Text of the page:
Aug 15, 2012; Anaheim, CA, USA; Cleveland Indians pitcher Roberto Hernandez (55) pitches against the Los Angeles Angels during the fourth inning at the Angel Stadium of Anaheim. Mandatory Credit: Kelvin Kuo-USA TODAY Sports

Just How Good Can Roberto Hernandez Be for the Rays in 2013?

The last time Roberto Hernandez felt this good, he was believed to be nine years younger and had a different name, Fausto Carmona. Yes, a lot has changed for Roberto Hernandez since then, but one big thing hasn’t: he still has the ability to be an awfully effective major league pitcher. Joe Maddon and Hernandez both believe that his 2007 level of performance is not unattainable for him this season.

Hernandez’s 2007 season is still his finest in professional baseball as he went 19-8 with a 3.06 ERA, a 5.7 K/9, a 2.6 BB/9, a 0.7 HR/9, and a 64.3% groundball rate in 32 starts and 215 innings pitched on his way to a fourth-place finish in the AL Cy Youngvoting. Since then, though, Hernandez hasn’t been nearly as good, putting together a solid season only in 2010 as his career ERA currently stands at just 4.64. He’s always had an overbearing sinker in the mid-90’s but he has never been able to get a consistent secondary pitch behind it, making him never much of a strikeout pitcher and exposing him to much harder contact than a pitcher with stuff as good as his should allow because hitters could sit sinker against him and wait for a mistake. He has only been successful when maintaining an extreme high standard of command down in the zone on his sinker, and with little margin for error it makes sense that his overall results have not been very good. But something other than Hernandez’s name is different now: his changeup has finally come along as a dependable second pitch for him, with both pitching coach Jim Hickey and catcher Chris Gimenez raving about it and Gimenez describing it as Hernandez’s best pitch. With his great sinker, rapidly coming on changeup, and decent slider, Roberto Hernandez is looking like a more complete pitcher than Fausto Carmona ever could be. And with that the case, the Rays can’t wait to see what he can do.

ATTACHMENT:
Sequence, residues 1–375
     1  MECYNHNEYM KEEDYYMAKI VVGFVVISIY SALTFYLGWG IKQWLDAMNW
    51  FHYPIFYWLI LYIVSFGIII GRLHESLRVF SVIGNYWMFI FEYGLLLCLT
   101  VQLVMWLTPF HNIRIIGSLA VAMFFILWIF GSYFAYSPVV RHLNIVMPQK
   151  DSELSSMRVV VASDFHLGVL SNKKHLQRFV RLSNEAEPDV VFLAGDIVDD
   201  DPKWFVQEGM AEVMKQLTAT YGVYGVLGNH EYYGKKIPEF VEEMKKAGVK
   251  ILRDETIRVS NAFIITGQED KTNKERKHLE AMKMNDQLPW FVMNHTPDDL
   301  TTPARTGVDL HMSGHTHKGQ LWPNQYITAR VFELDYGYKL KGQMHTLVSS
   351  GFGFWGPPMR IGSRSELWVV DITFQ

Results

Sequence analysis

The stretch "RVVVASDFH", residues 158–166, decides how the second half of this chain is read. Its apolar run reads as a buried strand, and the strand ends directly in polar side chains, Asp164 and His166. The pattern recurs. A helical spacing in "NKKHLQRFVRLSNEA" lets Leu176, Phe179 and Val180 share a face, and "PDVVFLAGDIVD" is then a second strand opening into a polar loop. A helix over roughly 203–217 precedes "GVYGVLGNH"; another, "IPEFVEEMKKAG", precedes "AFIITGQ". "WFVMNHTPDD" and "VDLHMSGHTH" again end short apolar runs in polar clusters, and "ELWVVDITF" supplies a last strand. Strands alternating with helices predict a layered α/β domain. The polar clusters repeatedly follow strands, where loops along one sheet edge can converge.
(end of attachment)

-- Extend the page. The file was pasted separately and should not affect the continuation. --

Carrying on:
This season, Hernandez is going to continue to live and die with his sinker command, and if he leaves up in the zone too often, he will get hit hard and make the Rays look foolish for signing him and then making him their fifth starter. But if Hernandez can harness his command consistently, even if not at his 2007 levels, he can still be a really good pitcher. Hernandez’s changeup has really come along and expect him to trade some groundballs for strikeouts and win in a different way than he has in the past. Hernandez winning 19 games with an ERA in the low-3.00’s again is a fantasy. But him managing a 6.5 K/9, a 3.0 BB/9, and a 0.8 HR/9 is not so crazy, and that amounts to a 3.91 FIP and maybe even a lower ERA with the Rays defense behind him. If Hernandez can manage an ERA anything like that on his way to his third 200-inning season, the Rays will be ecstatic but opposing teams will certainly not be- Hernandez will be only the fifth starter in what looks to be stacked Rays rotation.

Tags: Roberto Hernandez Tampa Bay Rays

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